Ever since gaining its independence from Spain in 1956, Morocco firmly held that the Spanish Sahara (now known as the Western Sahara) should be included within its borders. Morocco based this assertion on the fact that some of the nomadic populations in the region had apparently once owed allegiance to the Moroccan sultan, yet the strength of its commitment to securing control over Spanish Sahara may have increased after it became known in the early 1970s that the region contained substantial phosphate mines.

Belizean unions strike to increase political participation and prevent increased taxation, 2005

Country
Belize
Time period
January 20, 2005 to February 14, 2005
Classification
Change
Defense
Cluster
Democracy
Economic Justice
Total points
10 out of 10 points
Name of researcher, and date dd/mm/yyyy
Meghan Auker Becker 04/04/2010

Belize formally became an independent nation in 1981 and quickly established itself as a parliamentary democracy with a high degree of electoral participation and a Constitution that guaranteed basic rights and freedoms to all citizens. In 1998, the People's United Party won a landslide victory and party leader Said Musa was sworn in as Prime Minister - a position he held until 2008.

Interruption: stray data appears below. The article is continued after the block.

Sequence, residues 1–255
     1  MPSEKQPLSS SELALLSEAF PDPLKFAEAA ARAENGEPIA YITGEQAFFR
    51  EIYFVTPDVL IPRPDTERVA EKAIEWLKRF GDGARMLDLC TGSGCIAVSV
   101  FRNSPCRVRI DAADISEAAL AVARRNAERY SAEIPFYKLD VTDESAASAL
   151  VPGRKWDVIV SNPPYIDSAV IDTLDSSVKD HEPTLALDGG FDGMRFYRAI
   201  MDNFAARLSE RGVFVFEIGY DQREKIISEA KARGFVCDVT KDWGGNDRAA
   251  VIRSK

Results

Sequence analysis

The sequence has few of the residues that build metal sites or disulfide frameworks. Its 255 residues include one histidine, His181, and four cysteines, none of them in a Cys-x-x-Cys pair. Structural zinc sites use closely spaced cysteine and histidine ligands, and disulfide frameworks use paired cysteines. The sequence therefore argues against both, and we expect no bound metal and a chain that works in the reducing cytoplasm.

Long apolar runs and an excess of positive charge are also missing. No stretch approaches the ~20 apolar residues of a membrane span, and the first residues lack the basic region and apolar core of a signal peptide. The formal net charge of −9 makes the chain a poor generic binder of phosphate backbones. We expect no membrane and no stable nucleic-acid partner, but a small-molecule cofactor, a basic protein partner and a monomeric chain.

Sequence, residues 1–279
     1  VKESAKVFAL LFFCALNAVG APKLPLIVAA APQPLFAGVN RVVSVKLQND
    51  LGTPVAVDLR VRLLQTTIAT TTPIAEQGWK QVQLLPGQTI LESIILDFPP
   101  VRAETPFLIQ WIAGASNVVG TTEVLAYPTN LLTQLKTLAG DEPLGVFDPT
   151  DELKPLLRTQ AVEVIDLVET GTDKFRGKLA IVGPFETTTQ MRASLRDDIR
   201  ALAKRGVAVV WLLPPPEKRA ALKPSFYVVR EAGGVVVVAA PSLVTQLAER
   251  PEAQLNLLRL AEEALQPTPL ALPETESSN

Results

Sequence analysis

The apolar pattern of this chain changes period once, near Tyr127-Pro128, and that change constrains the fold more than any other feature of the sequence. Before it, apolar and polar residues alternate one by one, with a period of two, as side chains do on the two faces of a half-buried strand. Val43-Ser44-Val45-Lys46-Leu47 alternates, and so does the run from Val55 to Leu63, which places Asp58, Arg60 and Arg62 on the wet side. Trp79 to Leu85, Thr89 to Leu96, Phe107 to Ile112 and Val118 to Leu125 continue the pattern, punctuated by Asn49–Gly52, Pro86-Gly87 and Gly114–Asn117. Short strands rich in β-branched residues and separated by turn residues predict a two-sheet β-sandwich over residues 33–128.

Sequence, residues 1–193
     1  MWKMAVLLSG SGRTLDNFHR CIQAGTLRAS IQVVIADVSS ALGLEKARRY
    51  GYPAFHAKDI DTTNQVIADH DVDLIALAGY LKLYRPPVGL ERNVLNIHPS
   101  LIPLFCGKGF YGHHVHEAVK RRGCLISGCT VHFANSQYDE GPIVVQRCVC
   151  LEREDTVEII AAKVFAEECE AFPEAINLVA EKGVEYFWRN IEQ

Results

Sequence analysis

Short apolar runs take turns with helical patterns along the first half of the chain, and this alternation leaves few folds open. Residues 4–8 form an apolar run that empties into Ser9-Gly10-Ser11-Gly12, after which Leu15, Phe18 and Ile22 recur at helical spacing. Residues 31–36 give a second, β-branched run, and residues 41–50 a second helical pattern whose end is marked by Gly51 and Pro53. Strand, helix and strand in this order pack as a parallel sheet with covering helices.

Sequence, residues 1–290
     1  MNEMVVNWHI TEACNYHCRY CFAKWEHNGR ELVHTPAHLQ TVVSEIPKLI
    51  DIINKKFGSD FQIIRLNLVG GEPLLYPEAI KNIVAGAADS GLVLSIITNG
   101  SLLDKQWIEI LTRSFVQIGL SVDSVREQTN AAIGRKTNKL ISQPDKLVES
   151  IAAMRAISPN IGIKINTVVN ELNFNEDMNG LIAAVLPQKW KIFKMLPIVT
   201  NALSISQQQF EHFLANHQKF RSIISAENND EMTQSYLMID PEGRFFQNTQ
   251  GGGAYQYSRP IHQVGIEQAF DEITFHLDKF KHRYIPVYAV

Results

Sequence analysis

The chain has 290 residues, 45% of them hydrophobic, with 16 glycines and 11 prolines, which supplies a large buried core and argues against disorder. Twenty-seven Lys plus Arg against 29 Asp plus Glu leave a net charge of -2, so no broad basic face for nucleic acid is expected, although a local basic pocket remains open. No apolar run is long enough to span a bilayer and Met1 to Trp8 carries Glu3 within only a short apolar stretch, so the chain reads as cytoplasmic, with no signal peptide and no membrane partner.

Danish workers strike for electoral reform (Easter Crisis of 1920), 1920

Country
Denmark
Time period
March 30, 1920 to April 4, 1920
Classification
Change
Cluster
Democracy
Economic Justice
Total points
7 out of 10 points
Name of researcher, and date dd/mm/yyyy
Max Rennebohm 06/11/2009

When King Christian X of Denmark dismissed Prime Minister Zahle and his Radical Party Cabinet in late March 1920, the Socialists and Radicals, who held a political majority at the time, were furious. Although the King still had the right to do this under the Danish constitution, Denmark freely elected parliament members to the Folketing chamber of the Rigsdag (Parliament), who in turn determined the cabinet and no king had interfered with this process since the constitution was created in 1848.

Hungarians campaign for independence from Austrian Empire, 1859-1867

Country
Hungary
Time period
1859 to June, 1867